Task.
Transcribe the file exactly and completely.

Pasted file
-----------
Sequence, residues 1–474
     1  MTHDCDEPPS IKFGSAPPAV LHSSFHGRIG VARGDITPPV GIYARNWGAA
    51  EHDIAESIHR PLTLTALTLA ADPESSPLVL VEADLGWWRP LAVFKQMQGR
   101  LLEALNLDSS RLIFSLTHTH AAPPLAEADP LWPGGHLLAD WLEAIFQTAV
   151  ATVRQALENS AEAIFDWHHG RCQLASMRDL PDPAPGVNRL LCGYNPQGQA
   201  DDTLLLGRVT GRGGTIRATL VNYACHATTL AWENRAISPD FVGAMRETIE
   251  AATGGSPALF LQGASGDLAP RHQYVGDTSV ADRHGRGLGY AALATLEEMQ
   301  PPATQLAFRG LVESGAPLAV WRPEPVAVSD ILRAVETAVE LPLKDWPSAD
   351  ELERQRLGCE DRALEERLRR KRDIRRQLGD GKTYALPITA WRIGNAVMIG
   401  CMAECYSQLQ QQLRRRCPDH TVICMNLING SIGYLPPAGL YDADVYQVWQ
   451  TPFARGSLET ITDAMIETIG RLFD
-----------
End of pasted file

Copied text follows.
Sequence, residues 1–474
     1  MTHDCDEPPS IKFGSAPPAV LHSSFHGRIG VARGDITPPV GIYARNWGAA
    51  EHDIAESIHR PLTLTALTLA ADPESSPLVL VEADLGWWRP LAVFKQMQGR
   101  LLEALNLDSS RLIFSLTHTH AAPPLAEADP LWPGGHLLAD WLEAIFQTAV
   151  ATVRQALENS AEAIFDWHHG RCQLASMRDL PDPAPGVNRL LCGYNPQGQA
   201  DDTLLLGRVT GRGGTIRATL VNYACHATTL AWENRAISPD FVGAMRETIE
   251  AATGGSPALF LQGASGDLAP RHQYVGDTSV ADRHGRGLGY AALATLEEMQ
   301  PPATQLAFRG LVESGAPLAV WRPEPVAVSD ILRAVETAVE LPLKDWPSAD
   351  ELERQRLGCE DRALEERLRR KRDIRRQLGD GKTYALPITA WRIGNAVMIG
   401  CMAECYSQLQ QQLRRRCPDH TVICMNLING SIGYLPPAGL YDADVYQVWQ
   451  TPFARGSLET ITDAMIETIG RLFD